Chiefs need to draft a red-zone WR, but not necessarily in Round 1

West Virginia's Kevin White (left) and Louisville's DeVante Parker are both tremendous wide receiver prospects. Alas, both are expected to be off the board by the time the Chiefs pick in the first round.

Justin Ford - Jamie Rhodes

KANSAS CITY, Mo. — The short answer, of course, is red-zone threat at wide receiver and front-line pass protector — just not necessarily in that order.

Obvious needs are, well, obvious, and after a historic, almost absurdly comic, zero receiving touchdowns from a wideout in 2014 — believed to be a first, and a worst, in modern NFL annals — the HELP WANTED sign at receiver has been out on Andy Reid’s lawn for a few months now.

And yet at least one longtime draftnik thinks that if the Kansas City Chiefs can’t find THE GUY at pick No. 18 (assuming they aren’t moving from pick 18, given a haul of a reported 11 draft picks to play with this spring), THE GUY might actually be there later. In other words, if an impact tackle happens to fall into your laps — at the moment, you have zero on the roster — late in the first, go back to Need 1A (keeping Alex Smith from getting more body parts lacerated), then circle back to Need 1.

"Actually, where this draft is strong at receiver is probably at the middle, in the second through fifth round," Dan Shonka, one of the leading stopwatch gurus over at Ourlads’ NFL Scouting Services, tells "There are going to be a lot of receivers that will probably be (able to develop into) No. 2s (on the depth chart), guys who work their way up there."

And lots of big guys, too, which is even better. The annual NFL Scouting Combine starts next Tuesday in Indianapolis, although the wideouts aren’t slated to arrive until next Wednesday and won’t conduct on-field workouts until Saturday the 21st. Local sentiment favors, as it often does, former Kansas State star Tyler Lockett; the kid would look good in red (or any other color, frankly), his dad played here, he sets up defenders as well as any of his peers, and he has a pair of suction cups for hands.

But at the next level, the 5-foot-10 Lockett projects as more of a slot/returner type, and the Andy Gang has two pretty good fits there already in De’Anthony Thomas and Albert Wilson. Meanwhile, of the Chiefs’ top five wideout/scatback options at present, only two — Dwayne Bowe and Junior Hemingway — are listed as 6-1 or taller.

The Chiefs need height. Red-zone height. Hell, red-zone anything. Of the top 30 wide receiver prospects as ranked by, 20 — two-thirds — are 6-1 or taller. And the farther down you go, the bigger it gets: From a depth perspective, among the wideout prospects ranked 16-40, 17 of the 25 — 68 percent — are 6-1 or above.

The Chiefs had the No. 1 pick in an awful college-quarterback year (’13), then missed out on really cashing in on one of the best single wide receiver classes in recent memory (last spring). But while the Class of ’15 doesn’t promise the same type of instant-impact stars after Alabama’s Amari Cooper or West Virginia’s Kevin White, it’s long in solid. And given what’s on hand, even "solid" feels like a step forward.


As a group, "quarterback sucks, running back is really good," Shonka says, "and receivers, if you were giving a grade, I’d say a B."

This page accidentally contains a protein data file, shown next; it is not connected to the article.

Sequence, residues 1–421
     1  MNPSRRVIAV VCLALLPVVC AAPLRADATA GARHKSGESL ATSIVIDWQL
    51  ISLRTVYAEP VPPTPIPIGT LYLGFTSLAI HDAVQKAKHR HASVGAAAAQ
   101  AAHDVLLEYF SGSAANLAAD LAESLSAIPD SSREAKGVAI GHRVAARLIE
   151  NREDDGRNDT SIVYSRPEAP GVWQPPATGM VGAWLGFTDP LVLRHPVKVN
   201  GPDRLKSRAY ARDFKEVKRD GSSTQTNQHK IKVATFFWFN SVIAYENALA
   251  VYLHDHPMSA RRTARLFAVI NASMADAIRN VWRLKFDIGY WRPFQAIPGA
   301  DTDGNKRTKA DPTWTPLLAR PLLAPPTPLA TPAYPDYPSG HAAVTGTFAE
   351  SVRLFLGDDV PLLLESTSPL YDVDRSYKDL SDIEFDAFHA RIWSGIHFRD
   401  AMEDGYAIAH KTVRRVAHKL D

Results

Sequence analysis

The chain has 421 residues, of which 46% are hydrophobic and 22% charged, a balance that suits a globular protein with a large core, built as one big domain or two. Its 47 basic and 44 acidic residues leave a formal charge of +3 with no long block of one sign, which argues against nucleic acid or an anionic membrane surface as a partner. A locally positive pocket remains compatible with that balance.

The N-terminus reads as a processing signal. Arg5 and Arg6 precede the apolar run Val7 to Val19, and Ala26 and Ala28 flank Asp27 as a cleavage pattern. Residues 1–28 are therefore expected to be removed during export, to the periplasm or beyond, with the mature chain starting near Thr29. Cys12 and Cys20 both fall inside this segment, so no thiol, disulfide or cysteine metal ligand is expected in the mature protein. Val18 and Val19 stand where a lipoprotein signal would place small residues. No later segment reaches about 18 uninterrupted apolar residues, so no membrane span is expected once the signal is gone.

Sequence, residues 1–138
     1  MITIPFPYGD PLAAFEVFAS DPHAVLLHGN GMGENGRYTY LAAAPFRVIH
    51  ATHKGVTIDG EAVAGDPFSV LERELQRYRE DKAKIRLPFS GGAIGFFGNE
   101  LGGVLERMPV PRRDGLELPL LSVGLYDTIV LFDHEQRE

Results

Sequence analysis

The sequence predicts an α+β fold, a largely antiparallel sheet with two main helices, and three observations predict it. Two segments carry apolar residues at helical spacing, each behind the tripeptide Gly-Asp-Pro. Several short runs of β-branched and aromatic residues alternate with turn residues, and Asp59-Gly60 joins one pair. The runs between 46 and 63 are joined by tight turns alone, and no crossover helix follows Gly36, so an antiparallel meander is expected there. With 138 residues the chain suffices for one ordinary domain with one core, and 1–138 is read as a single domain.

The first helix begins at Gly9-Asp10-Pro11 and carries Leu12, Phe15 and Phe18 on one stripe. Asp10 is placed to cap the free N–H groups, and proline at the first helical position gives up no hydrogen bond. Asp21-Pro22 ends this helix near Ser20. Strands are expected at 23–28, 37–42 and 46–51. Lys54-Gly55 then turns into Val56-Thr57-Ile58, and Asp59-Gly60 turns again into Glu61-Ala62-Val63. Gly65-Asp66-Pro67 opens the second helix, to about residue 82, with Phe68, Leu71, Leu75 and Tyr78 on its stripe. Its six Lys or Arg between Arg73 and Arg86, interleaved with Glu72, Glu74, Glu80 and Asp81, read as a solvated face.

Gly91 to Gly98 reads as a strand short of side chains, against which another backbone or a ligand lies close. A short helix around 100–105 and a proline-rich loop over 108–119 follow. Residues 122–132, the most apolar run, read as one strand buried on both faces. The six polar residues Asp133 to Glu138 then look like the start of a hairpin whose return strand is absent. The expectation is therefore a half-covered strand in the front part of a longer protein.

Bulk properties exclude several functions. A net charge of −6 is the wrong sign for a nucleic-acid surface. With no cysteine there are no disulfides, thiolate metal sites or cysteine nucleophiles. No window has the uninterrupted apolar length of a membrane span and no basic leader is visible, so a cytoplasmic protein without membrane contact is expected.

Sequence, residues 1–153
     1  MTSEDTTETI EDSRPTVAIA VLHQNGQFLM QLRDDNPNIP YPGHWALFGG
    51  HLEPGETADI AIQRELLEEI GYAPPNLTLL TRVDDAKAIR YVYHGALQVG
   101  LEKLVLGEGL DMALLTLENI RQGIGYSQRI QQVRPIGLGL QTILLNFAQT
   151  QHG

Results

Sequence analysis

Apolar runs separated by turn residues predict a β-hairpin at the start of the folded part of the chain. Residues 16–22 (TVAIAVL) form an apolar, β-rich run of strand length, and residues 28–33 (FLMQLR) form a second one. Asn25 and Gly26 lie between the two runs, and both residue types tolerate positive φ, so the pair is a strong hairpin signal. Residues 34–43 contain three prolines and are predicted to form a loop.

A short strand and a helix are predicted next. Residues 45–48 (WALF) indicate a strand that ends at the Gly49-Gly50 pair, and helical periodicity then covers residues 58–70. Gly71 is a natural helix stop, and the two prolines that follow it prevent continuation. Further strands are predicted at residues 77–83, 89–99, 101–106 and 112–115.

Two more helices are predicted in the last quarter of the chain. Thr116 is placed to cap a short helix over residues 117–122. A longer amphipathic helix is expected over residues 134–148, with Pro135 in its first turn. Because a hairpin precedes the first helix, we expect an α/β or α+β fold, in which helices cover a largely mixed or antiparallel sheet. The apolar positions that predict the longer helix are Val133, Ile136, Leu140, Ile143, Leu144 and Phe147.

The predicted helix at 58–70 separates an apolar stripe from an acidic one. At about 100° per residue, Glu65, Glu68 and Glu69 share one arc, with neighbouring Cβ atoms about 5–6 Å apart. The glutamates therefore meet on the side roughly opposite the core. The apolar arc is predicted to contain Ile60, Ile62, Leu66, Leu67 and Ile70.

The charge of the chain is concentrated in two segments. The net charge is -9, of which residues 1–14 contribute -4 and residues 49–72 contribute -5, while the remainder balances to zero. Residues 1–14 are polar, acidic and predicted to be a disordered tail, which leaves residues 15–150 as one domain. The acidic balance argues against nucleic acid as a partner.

"B" works. Come to think of it, "B" feels like a step forward, too.

"Kevin White at West Virginia, that’s who I think (the Chiefs) would really love," Shonka says, but notes that White (6-3, 210, 4.49 in the 40, according to is expected to be off the board by the middle of the first round. Ditto Cooper (6-1, 210, 4.52) and Louisville’s DeVante Parker (6-3, 209, 4.48).

And as for a certain Green-Beckham out of Oklahoma …

"I see all these mock drafts out there with him in the first round," Shonka chuckles when asked about the troubled former Missouri star. "I think, ‘Are these guys stupid, or what? Why would you take that guy?’ He didn’t look like a big-time until that SEC championship game (in 2013), (then) he finally started looking like what a big-time first-round receiver looks like."

Shonka’s most recent first-round mock paired the Chiefs with Arizona State wideout Jaelen Strong (6-3, 215, 4.55), a physical presence and a back-shoulder-fade machine who ticks a lot of the same boxes White does.

But Strong may be gone by pick No. 18, too, and almost certainly will be by the middle of the second round. The Chiefs could wind up with as many as three compensatory picks in Rounds 3 through 5, though — giving them more chances to mine the aforementioned depth, or the flexibility to move around and target the target of choice.

Among the next tier, Shonka notes, Combine watchers might want to take note of Michigan junior Devin Funchess, who fits the size profile (6-5, 230, 4.63), but maybe not so much the "hands" part. More names to follow: Vince Mayle (6-2, 219, 4.52), a former junior college basketball player who landed at Washington State; Tony Lippett of Michigan State (6-3, 192, 4.49); and Tre McBride (6-1, 205, 4.44) of William & Mary, all of whom could be on the board after the second round.

"He knocked the socks off of people at the East-West (Shrine) Game," Shonka says of McBride.

"I tell you what, though, this is a good draft overall. In certain rounds, it’s better at the third-through-fifth area. If you’ve got a lot of those middle-round guys, you’re going to get a lot of good, solid, serviceable-type players and a few will work out to be pretty good players. That’s what I think the strength of this draft is."

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